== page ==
As the 2015 president of the IEEE Computer Society, Tom Conte, professor in Georgia Tech’s Schools of Computer Science and Electrical & Computer Engineering, is leading a national initiative to rethink how computers compute.
The initiative—“IEEE Rebooting Computing”—proposes a fundamental, holistic reexamination of the computer, including all aspects from device to user interface. The “reboot” is necessary because single-core processor performance stalled in 2005. The hardware industry created multicore processors, but these have limitations.
Now, even multicore processors are having performance issues because of the anticipated end of Moore’s Law -- a widely accepted observation that the amount of transistors on an integrated circuit would double every two years. Regularly increasing a circuit’s transistor capacity helped computers achieve faster processing speeds, but increases in transistor speeds have only been marginal for years. Resultant, necessary shortcuts have become ineffective.
“Until now, we’ve always been able to proceed anyway, knowing computers would go twice as fast in 18 months,” Conte said. “We cannot rely on that any longer.”
That’s why IEEE chose to act.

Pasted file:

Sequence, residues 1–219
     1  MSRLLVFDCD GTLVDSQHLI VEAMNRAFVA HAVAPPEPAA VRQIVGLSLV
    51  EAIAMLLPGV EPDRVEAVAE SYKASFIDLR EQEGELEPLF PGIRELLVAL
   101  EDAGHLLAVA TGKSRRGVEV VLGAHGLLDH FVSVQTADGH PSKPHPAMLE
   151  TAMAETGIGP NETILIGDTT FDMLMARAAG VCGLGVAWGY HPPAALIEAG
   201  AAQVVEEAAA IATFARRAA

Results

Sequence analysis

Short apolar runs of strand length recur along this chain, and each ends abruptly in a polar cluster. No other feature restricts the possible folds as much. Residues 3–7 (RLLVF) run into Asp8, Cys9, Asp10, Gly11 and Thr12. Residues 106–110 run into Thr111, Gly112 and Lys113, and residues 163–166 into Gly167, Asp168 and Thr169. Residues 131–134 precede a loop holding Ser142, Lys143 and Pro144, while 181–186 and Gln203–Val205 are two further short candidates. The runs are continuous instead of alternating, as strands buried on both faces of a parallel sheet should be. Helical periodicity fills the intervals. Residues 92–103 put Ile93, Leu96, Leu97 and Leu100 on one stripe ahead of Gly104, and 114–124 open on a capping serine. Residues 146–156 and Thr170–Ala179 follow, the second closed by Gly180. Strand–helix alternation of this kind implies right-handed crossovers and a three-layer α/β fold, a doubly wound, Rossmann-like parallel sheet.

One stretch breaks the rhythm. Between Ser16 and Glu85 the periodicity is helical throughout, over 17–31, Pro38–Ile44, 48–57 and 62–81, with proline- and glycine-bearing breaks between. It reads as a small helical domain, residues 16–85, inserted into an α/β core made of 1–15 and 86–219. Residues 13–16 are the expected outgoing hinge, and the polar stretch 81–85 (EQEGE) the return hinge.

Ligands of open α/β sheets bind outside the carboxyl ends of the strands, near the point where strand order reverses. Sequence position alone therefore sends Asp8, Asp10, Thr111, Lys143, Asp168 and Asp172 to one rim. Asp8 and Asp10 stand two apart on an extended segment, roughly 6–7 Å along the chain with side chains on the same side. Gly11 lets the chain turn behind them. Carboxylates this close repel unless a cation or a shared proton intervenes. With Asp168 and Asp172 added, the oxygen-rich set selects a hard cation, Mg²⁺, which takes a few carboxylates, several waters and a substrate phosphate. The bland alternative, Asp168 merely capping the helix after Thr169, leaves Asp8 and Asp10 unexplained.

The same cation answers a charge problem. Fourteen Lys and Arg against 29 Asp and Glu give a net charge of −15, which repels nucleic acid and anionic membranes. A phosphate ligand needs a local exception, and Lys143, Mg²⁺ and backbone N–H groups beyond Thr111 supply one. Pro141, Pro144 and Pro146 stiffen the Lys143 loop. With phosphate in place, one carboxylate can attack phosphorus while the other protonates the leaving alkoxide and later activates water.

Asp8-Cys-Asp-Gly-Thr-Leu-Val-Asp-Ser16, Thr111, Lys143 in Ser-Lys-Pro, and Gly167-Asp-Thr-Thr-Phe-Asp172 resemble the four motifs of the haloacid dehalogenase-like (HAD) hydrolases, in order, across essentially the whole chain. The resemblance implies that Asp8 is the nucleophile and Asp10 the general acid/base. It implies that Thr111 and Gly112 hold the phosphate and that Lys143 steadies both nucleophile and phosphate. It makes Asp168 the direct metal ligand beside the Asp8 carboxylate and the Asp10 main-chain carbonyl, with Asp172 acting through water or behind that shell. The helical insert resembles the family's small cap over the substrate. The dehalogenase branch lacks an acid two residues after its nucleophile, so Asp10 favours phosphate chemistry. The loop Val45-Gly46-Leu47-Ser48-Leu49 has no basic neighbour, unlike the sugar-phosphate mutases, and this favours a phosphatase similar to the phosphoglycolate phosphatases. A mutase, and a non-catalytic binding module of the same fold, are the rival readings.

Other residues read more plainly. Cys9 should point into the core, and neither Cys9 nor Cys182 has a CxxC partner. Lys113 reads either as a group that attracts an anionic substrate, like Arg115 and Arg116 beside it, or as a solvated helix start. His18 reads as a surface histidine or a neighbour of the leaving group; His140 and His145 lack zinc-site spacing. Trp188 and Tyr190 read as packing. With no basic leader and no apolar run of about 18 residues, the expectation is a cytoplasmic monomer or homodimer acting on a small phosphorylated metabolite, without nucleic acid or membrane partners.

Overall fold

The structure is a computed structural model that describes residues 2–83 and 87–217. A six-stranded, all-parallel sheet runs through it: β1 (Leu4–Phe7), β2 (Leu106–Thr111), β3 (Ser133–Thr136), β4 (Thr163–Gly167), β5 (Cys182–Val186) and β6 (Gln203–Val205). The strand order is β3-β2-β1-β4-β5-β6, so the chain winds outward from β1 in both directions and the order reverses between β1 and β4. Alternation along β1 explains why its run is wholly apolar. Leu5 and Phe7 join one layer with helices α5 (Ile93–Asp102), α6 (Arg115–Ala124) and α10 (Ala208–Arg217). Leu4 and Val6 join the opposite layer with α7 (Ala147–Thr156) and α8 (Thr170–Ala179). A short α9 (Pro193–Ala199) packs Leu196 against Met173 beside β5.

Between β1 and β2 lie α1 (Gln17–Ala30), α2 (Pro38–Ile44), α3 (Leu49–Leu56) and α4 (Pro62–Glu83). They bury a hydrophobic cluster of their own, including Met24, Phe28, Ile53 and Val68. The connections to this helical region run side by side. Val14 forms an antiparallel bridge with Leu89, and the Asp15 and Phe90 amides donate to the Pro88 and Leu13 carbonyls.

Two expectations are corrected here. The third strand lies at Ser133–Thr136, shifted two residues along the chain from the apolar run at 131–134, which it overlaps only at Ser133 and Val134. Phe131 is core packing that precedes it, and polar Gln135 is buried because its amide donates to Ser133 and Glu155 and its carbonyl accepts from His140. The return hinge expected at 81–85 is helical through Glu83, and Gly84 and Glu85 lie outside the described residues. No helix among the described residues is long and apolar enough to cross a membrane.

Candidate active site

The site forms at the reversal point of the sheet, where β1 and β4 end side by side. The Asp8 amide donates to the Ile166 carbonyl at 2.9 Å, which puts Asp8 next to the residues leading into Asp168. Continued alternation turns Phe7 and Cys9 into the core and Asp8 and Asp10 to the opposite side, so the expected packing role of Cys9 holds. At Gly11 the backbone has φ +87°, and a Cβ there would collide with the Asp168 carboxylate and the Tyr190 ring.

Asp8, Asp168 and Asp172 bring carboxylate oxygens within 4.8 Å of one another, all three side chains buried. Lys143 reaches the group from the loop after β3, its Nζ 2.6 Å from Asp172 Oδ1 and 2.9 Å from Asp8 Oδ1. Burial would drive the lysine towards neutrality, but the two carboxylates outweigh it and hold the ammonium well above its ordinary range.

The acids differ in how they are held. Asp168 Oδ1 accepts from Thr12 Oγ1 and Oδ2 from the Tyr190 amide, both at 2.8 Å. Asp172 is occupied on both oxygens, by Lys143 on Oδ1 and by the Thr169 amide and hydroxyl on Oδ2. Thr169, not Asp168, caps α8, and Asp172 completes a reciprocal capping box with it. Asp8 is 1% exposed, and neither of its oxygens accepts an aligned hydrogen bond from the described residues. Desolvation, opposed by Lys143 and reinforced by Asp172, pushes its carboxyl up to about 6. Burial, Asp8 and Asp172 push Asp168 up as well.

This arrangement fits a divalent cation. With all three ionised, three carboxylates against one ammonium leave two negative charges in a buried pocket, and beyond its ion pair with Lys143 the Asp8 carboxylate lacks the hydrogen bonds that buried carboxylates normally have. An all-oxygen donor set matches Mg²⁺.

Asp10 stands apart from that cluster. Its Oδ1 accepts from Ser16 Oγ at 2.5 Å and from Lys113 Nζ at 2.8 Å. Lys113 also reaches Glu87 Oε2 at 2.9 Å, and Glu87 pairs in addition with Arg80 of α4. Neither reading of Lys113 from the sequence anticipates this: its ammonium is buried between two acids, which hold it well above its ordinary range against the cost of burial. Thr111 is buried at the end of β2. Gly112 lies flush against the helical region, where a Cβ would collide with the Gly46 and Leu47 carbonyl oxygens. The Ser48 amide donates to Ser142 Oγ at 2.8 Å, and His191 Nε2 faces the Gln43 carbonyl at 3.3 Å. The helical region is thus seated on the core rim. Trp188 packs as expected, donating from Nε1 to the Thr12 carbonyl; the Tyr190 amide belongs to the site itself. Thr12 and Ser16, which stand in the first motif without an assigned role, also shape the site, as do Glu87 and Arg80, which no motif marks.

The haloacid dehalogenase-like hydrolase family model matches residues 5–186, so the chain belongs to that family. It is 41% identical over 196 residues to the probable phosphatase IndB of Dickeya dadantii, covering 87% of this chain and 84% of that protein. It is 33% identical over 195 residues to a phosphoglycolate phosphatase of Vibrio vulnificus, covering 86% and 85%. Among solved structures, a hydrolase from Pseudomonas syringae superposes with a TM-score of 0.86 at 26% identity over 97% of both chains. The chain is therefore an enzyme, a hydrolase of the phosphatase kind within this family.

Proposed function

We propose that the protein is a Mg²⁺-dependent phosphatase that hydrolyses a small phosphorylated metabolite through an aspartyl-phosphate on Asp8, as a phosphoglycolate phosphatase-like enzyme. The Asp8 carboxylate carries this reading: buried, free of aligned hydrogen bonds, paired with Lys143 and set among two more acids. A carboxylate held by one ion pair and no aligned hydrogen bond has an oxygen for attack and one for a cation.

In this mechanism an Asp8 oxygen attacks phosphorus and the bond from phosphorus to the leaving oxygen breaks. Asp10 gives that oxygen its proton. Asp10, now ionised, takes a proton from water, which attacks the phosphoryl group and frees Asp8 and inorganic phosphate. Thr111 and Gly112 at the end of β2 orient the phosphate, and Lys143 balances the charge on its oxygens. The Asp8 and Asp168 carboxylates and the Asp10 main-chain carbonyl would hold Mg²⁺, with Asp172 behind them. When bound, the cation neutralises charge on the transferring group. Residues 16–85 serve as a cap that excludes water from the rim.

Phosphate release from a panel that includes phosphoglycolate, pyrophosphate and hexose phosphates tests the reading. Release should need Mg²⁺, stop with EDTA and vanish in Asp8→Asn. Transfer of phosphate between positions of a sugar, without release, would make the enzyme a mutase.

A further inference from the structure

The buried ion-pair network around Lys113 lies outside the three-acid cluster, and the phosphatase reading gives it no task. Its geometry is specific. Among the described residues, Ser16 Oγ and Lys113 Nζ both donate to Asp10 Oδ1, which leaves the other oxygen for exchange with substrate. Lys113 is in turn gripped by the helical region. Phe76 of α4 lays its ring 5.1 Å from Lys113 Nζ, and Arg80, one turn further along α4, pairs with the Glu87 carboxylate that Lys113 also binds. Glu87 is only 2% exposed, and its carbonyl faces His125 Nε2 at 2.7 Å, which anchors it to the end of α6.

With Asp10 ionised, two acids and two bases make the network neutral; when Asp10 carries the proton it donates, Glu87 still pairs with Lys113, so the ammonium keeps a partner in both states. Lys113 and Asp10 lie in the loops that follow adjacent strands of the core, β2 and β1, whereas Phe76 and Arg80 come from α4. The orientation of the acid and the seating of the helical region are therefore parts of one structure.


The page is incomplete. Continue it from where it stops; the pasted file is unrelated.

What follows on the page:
IEEE’s Rebooting Computing Initiative and its collaborator – the industry-led International Technology Roadmap for Semiconductors (ITRS) – have thus far hosted four summits of government, industry, and academic thought leaders in Silicon Valley and Washington, D.C. Summit participants focused on the three pillars of future computing: what computers will be used for (i.e., human/computer interface and applications), how energy-efficient computers can be made, and how secure they can become.
“We hope to influence industry and policymakers to change the direction of computing,” Conte said. “We’re trying to make people realize that they cannot be complacent; we have to act and find a solution.”
The possible solutions are a bit unconventional: Allow computers to produce approximate results, rather than computing to the customary 100th decimal point? Use non-digital computation? Or use models of the human brain in hardware? Some industry leaders consider all of these postulations “crazy,” but Conte says all options should be on the table.
“Skepticism of any idea is not a luxury we can afford at this point in time, with the challenges we have,” Conte said. “The possibilities are vast, as are the problems. Changing the technology that has permeated virtually every facet of the human condition is not going to happen without enormous effort and investment.”
“I believe Georgia Tech has the right expertise at the right time and is uniquely positioned to help lead a response to this challenge today.”
Last revised August 1, 2017